Tuesday, January 17, 2012

Musings on British versus American Television

I grew up in the United States in 1960s Indiana and Texas. The television I generally watched when I was a kid was thus American commercial television. It wasn't until the 1970s that I began to watch as many British television shows as I could. By the 1980s my limited television diet consisted mostly of British TV shows including Upstairs Downstairs, Danger UXB, Edward and Mrs. Simpson, To Serve Them All My Days, Private Schulz, The Citadel, The Irish R.M., the Jewel in the Crown, Brideshead Revisited, A Very British Coup, the Yellow Wallpaper, and Morse.

Recently I began work on a paper on the British television shows Upstairs Downstairs and Downton Abbey. As a result I have been thinking a lot recently about the differences between the two and about why, as a general rule, I prefer British television to American television.

Though the histories of British television and American television are somewhat similar they are also somewhat different in interesting and telling ways. Both British and American television began before World War II but really didn't come into their own until after World War II had ended. Both British and American television were greatly impacted by radio and radio programming, vaudeville and the music hall, and the theatre.

One of the major differences between British and American television was the fact that television in the United Kingdom, like radio in the UK, was public radio until 1955 when the British commercial television channel ITV came on the air. The BBC, whose remit was not only to entertain the public but to educate it, had a monopoly on the British airwaves and as a result dominated British television up to and even beyond 1955. The BBC thus provided the template for British television with its public service programmes, its educational programmes, its children's programmes (like Dr. Who whose original mission was not only to entertain viewers but to teach them about history and science), its adaptations of literary classics, and its genre programmes. ITV, which was and is much more regulated than American commercial television and was thus required to air public service and educational programmes, generally followed in the footsteps of the BBC that had come before it.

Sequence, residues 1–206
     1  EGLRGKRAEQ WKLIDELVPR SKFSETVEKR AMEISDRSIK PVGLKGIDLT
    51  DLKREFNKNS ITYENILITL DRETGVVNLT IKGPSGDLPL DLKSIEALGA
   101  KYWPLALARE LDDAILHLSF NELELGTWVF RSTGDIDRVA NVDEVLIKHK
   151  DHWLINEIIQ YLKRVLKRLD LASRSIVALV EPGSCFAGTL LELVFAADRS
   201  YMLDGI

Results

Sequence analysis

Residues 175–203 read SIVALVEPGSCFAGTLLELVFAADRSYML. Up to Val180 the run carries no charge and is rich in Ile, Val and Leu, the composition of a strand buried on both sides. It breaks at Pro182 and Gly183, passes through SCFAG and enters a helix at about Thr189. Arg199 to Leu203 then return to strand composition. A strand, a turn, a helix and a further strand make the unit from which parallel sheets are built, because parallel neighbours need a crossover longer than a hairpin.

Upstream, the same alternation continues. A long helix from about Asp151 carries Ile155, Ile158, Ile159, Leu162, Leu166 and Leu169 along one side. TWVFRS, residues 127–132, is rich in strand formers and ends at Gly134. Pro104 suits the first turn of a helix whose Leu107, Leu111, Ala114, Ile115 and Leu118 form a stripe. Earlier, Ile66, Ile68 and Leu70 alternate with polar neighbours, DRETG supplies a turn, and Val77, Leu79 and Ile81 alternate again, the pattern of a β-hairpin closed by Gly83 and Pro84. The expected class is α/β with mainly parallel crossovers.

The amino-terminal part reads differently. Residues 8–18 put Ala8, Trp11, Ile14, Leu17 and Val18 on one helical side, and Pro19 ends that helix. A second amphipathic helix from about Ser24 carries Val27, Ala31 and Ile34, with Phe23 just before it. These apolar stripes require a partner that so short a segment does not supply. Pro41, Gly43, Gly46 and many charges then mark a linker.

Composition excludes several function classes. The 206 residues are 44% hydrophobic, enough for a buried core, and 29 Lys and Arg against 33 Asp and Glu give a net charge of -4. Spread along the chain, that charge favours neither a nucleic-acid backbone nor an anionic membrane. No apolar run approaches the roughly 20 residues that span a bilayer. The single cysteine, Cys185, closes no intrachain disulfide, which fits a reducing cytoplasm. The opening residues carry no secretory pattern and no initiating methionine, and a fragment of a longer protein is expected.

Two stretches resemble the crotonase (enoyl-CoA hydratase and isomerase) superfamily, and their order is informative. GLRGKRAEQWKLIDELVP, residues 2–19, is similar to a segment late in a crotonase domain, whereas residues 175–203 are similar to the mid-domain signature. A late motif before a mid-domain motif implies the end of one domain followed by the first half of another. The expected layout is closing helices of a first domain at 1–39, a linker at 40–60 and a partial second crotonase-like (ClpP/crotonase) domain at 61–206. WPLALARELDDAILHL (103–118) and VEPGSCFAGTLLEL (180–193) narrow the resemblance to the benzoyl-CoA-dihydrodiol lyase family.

Early television in the United States, on the other hand, was dominated by the same private corporations that dominated American radio, NBC and CBS. Public television was an afterthought which really didn't get going until Lyndon Baines Johnson's Great Society in the mid and late 1960s. It was Johnson who really created and funded American public television in 1967 when he signed the Public Broadcasting Act of 1967.

As a result American television is commercial television. It is a television dominated by big business and by the advertising of big business. Even the minutes and the years or seasons American television programmes run is determined by the commercial nature of American television. It is simply easier to generate more advertising revenue if popular television series have a significant run during each television season and run for multiple seasons. American television thus has long been obsessed with and dominated by notions of commodity aestheticism, the notion that the only good TV show is the most watched TV show because it can generate more advertising revenue.

This is not to say that American public television, PBS, hasn't had some successes in a television landscape dominated by commodity aestheticism. Upstairs Downstairs, An American Family, Tales of the City, Civil War, and Downton Abbey have brought viewers to public broadcasting. However, two things have and likely will continue to keep public television in the US down. Unlike the BBC, which is funded by a license fee, US public television was funded directly by the American government. Thus when politicians from Richard M. Nixon to Ronald Reagan to Jessie Helms didn't like something on PBS they could simply cut its funding. This has meant that PBS has been increasingly unable to make the number of fiction programmes it once did. Additionally, with the increasing deregulation of American television the little watched public service, documentary, and art programmes once a mandated part of American commercial television, have disappeared from the commercial networks and are largely found today only on PBS.